In a candid plea Monday, Health Department Medical Director Dr. Tai Hunte-Caesar said irresponsible behavior within the USVI community is causing the spread of COVID-19 to the elderly and other vulnerable populations and needs to stop.
Hunte-Caesar spoke during Gov Albert Bryan Jr.’s Monday update on the territory during the pandemic.
Describing her daily experience within the territory’s two hospitals, Hunte-Caesar said it’s mostly residents over 70 and those with underlying medical conditions, like diabetes, hypertension or asthma, that are being hospitalized with the virus, which they catch from family members who go out, travel or “hang out” with friends, then bring it back home.
“It’s all the people [who] live with them and go out and about and think nothing of this pandemic because it won’t affect them, then bring it home to loved ones,” she said at Monday’s press briefing. “But these are the people being adversely affected and fighting for their lives. If you think that because you are healthy and young, you don’t feel anything, this is not the attitude to have.”
Instead, everyone should be treated as if they were a potential carrier or risk, Hunte-Caesar said, adding that in the background, it is the staff at the hospital who have to respond by tracking down medication and dealing with the anxiety of families who caused the spread of the infection in the first place.
“You are putting everyone’s lives at risk,” she said. “If my four-year-old daughter can say, ‘no you can’t come up to me because you aren’t wearing a mask,’ I think everyone can get it by now. This is what is happening in hospitals, and it is not fair, and it’s not right.”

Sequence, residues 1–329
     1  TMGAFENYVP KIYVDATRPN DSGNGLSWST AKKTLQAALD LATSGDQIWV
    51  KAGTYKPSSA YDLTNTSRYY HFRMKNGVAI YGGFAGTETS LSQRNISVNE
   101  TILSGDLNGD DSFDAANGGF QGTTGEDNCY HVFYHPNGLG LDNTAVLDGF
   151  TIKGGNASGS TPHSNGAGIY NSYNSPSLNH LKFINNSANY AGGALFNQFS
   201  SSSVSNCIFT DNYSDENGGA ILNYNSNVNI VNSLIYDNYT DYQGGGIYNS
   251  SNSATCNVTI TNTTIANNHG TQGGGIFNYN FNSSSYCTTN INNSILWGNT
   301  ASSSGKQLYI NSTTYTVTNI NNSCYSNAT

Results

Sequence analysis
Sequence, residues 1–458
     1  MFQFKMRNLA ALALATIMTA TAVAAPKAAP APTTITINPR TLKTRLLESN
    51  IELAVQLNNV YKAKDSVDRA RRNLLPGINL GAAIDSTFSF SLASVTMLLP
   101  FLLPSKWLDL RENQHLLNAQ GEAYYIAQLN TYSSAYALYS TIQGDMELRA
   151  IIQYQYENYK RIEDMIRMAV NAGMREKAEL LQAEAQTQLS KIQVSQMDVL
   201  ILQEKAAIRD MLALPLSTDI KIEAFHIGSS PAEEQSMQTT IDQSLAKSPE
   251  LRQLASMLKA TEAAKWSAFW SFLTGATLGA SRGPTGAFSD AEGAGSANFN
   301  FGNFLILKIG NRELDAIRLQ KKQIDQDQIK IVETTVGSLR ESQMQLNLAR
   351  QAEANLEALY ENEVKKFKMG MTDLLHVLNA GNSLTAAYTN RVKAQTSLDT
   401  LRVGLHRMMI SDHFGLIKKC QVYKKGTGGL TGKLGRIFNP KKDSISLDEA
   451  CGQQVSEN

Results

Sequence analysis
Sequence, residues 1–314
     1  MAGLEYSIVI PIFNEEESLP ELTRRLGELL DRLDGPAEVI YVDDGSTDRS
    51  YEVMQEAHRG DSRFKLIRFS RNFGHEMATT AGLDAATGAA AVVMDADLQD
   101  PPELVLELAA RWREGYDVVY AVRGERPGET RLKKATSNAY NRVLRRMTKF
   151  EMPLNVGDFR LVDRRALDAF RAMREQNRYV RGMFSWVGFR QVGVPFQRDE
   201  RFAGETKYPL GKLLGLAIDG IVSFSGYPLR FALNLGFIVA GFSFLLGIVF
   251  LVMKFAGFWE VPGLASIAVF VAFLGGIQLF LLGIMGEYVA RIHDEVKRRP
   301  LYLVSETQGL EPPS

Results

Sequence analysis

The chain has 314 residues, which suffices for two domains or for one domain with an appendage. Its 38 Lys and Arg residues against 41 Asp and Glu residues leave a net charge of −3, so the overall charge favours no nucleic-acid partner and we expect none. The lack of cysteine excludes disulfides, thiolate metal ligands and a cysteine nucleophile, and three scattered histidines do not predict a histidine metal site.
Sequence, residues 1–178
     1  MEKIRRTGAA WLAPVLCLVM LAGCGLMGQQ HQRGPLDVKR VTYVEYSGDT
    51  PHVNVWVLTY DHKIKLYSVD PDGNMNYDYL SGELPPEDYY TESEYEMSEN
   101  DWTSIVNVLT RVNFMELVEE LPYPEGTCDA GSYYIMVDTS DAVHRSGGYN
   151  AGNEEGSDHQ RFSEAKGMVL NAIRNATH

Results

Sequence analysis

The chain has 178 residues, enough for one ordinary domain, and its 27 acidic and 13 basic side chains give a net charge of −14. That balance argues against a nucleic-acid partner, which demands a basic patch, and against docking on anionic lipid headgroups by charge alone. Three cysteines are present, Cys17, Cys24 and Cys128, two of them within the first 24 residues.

At this point, 9,443 individuals have been tested in the territory, and of that number, 8,997 have come back negative and 439 positive, with seven tests pending. Active cases being tracked are at 77, including four patients at the Gov. Juan F. Luis Hospital on St. Croix and three patients at Schneider Regional Medical Center. Eight deaths have been recorded.
According to Health Commissioner Justa Encarnacion, close contact is currently the “highest mode” of transmission. Avoiding mass gatherings, maintaining social distancing, washing hands and wearing masks are the best ways to bring down the numbers.
“We are a tight-knit community and social behaviors can put the vulnerable at risk,” Encarnacion said. “We must be mindful of our whereabouts and actions during this pandemic.” She added that in response to the continued jump in cases, Health will continue to increase testing, particularly on the island of St. Thomas, so it can track trends and determine how to mitigate them.